Now, fast-forward to the mid 20th century, people realized that the chemical composition of materials was not sufficient, one needs to understand how the molecules are arranged, and that led to the concept of symmetry. Symmetry invaded all areas of physics. In solid state physics, it played an extremely important role; people understood that the optical properties of materials, their electrical properties, their magnetic properties, are all affected by symmetry. If we can influence material such that its symmetry is abruptly changed, we say that this material undergoes phase transition. Phase transitions have become a major theme in physics.
Now we fast-forward again to 50 years later, about 12 years ago, and there is an increasingly ubiquitous realization that symmetry is not sufficient. Topology undermining the structure of materials is the new concept, the new revolution. Topology, contrary to symmetry, is a concept which is non-local: I can take a material and try to influence it locally, and this will not affect its topology. The fact that topology is concerned with non-local properties introduced the idea that maybe there are properties that are really robust, protected against small, undesired bad influences. That led us in two directions. From the fundamental point of view, we are witnessing the ongoing revolution of topology; from the perspective of potential applications, people strongly believe that this robustness may be harnessed to design so-called quantum computers or quantum information processing devices. Just two years ago, I would have told you that it is an amazingly interesting concept, but as far as talking about quantum computing and information processing I would have said it looks sort of far fetched. But things are changing fast. There have been very specific, concrete proposals for experimental realization of quantum information devices; development of these is now underway. People are seriously talking about having some prototypes of quantum information devices—very primitive prototypes, but still, concrete devices. It is not science fiction anymore, it is a real achievable science.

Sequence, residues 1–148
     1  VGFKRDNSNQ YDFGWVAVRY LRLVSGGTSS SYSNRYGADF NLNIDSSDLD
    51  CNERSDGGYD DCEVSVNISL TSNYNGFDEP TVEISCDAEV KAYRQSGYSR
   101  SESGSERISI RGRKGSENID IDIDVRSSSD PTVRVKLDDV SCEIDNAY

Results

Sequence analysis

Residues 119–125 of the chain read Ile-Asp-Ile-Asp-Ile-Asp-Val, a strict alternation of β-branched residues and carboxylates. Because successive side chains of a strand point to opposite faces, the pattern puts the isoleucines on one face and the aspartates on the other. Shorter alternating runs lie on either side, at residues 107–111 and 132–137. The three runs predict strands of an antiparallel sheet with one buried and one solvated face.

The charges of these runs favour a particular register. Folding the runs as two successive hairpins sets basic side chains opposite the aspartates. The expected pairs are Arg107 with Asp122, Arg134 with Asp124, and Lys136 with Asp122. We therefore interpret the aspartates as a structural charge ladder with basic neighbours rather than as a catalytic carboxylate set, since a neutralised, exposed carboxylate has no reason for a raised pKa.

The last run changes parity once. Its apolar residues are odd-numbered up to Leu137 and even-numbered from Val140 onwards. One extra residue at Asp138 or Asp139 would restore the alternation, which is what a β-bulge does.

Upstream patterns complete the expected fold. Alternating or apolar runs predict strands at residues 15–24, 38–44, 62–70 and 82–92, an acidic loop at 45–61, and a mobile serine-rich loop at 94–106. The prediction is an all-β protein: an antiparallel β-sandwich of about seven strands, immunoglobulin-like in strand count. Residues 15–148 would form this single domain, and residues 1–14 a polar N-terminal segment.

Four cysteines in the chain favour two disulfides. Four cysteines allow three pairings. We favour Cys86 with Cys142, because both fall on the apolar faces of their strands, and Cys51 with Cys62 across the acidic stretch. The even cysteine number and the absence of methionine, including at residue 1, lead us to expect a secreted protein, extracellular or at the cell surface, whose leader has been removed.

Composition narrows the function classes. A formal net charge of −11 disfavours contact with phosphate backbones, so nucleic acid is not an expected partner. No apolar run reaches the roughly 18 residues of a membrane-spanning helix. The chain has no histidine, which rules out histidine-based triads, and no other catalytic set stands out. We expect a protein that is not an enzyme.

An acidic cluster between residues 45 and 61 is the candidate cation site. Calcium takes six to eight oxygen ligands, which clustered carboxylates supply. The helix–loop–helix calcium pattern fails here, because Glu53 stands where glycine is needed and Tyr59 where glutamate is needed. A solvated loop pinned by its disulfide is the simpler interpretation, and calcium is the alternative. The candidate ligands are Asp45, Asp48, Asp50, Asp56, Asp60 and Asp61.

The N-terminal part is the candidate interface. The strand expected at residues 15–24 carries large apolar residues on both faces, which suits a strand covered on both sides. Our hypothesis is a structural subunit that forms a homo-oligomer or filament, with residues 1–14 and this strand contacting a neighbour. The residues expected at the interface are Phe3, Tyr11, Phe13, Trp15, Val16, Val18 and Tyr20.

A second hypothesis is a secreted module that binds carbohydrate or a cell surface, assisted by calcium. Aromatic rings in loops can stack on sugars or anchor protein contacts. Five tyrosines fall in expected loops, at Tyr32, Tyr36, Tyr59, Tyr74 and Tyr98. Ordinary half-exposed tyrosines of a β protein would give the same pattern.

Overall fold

--Mary Ann Williams